Seven Propositions about Form, Function, and Understanding in Learning Groups
PROPOSITION I. Factors that influence the formation, functioning, and demonstration of understanding of learning groups in early childhood include the size of the group; the age, competencies, and interests of the children; gender; time spent together; friendships; and choice of materials.
PROPOSITION II. Individuals within a learning group have their own approaches to learning, which can nonetheless be influenced by the learning approaches of others. We refer to this phenomenon as the "modifiable fingerprint."
PROPOSITION III. When exploring ideas together, learning groups follow a set of rulessome tacit, some explicit.
PROPOSITION IV. Learning groups choose ideas according to an aesthetic of knowledge or "the pattern that connects."*
PROPOSITION V. Learning groups have different styles that are rhythmic in nature.
PROPOSITION IV. Learning groups can create and benefit from competent audiences.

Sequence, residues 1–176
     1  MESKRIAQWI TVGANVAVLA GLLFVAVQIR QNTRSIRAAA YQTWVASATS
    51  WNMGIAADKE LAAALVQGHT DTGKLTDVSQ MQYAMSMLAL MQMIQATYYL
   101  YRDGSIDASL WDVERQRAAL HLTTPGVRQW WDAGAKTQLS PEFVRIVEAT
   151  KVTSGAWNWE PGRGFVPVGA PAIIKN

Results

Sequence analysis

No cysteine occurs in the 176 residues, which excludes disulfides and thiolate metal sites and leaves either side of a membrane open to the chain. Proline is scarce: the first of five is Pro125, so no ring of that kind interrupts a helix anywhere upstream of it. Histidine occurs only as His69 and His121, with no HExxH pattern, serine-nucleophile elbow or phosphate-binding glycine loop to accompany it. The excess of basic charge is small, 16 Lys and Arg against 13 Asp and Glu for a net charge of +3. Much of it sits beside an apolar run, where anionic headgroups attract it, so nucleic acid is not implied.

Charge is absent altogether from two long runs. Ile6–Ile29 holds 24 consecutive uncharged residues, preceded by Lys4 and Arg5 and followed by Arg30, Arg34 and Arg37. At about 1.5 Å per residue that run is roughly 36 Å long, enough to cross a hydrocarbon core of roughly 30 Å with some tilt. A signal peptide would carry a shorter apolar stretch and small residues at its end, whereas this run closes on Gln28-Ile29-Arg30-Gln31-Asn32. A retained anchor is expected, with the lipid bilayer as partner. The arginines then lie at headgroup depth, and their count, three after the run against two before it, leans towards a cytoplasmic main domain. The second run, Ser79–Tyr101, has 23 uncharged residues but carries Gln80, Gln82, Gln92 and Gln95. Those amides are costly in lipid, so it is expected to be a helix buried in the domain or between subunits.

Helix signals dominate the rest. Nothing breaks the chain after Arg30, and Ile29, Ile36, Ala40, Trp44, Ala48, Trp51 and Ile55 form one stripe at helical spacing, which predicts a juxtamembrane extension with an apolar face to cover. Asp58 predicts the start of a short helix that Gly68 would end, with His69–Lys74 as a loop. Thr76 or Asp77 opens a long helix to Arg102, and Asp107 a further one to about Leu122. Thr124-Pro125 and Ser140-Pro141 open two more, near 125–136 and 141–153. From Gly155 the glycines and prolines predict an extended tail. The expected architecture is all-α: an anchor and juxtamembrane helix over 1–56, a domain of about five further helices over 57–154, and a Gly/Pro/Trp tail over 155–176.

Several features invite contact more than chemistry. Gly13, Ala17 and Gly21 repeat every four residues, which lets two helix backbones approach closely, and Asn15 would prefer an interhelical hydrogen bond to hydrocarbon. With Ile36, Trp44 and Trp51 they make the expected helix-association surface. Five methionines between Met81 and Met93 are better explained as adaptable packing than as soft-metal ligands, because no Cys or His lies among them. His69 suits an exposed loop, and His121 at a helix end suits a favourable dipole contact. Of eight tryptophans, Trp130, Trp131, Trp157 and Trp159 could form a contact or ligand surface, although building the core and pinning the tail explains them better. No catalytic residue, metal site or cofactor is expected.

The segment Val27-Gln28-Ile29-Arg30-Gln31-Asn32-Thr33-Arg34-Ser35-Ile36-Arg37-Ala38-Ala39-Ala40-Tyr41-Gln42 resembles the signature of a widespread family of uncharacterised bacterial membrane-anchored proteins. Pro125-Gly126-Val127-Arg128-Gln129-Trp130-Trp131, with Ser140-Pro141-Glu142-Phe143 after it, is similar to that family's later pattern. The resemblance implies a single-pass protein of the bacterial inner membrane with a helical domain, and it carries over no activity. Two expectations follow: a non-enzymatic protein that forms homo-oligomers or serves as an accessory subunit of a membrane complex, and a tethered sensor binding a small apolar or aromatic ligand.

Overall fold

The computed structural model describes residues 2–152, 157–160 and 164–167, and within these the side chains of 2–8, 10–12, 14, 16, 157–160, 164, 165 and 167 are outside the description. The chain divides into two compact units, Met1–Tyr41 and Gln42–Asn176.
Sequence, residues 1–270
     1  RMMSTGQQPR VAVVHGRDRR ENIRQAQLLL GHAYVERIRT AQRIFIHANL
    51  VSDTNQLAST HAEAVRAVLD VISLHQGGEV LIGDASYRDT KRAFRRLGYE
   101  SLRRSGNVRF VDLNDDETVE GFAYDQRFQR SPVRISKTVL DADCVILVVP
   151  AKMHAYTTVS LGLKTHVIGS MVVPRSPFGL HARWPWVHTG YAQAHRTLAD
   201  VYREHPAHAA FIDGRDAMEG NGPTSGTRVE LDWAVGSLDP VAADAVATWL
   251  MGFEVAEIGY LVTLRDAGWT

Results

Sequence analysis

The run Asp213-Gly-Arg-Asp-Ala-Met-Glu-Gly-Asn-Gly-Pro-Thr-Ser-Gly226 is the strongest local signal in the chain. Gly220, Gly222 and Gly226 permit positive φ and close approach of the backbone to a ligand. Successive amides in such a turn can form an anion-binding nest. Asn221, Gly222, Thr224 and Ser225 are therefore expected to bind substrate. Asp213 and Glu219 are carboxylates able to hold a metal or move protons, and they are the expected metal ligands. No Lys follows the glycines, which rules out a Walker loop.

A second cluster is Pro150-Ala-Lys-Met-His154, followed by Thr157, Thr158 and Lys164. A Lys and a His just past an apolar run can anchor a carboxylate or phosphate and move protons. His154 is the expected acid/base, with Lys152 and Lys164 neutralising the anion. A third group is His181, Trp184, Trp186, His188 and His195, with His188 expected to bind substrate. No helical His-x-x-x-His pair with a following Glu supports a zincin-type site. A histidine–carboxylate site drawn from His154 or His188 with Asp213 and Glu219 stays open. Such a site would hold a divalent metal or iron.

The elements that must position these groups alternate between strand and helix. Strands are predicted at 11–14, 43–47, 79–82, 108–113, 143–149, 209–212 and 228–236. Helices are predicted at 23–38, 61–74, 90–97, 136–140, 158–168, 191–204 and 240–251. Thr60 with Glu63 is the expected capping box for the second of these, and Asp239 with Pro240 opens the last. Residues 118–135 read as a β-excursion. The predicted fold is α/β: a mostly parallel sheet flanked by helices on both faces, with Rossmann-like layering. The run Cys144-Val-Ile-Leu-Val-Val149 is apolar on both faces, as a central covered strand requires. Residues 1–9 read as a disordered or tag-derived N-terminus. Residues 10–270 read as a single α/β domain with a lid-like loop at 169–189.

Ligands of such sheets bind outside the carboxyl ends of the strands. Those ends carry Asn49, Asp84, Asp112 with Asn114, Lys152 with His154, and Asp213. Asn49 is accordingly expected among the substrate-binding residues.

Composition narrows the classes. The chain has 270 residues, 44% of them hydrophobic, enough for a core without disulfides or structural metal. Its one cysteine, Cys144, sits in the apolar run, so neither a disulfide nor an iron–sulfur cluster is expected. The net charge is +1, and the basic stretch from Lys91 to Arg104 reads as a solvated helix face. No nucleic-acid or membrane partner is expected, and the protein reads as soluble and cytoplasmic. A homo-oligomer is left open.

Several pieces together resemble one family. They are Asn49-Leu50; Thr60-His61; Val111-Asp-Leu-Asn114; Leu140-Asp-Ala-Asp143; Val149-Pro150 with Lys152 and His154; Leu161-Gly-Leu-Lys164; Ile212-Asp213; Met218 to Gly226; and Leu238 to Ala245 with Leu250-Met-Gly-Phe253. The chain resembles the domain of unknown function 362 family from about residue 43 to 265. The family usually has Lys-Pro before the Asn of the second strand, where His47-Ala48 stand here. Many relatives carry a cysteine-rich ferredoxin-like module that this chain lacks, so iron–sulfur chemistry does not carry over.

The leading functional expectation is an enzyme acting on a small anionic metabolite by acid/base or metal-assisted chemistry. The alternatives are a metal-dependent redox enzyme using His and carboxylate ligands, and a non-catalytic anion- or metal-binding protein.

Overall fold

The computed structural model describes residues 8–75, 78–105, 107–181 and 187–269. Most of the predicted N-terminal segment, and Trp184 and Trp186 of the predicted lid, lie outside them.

PROPOSITION VII: Indicators that learning groups are supporting and demonstrating understanding include the following:
a. Children and adults feel they are contributing to a larger, more meaningful whole.
* By aesthetics, the Reggio educators refer to the ability to the ability to judge and evaluate images or theories that work best for the particular project at hand. They also use the term to imply what is most pleasing, attractive, or satisfying to oneself or to others.
** We use the term theory to refer to a "system of concepts, strategies, and actions that provides a satisfactory explanation for the person who produces the theory." (Rinaldi, 1999) Although theories are characterized by the coherence and interdependence of their concepts, they are not static but open to falsification by new evidence.
© 2001 Project Zero and Reggio Children, p.247.
Copyright 2006 Project Zero, Harvard Graduate School of Education, Harvard University.
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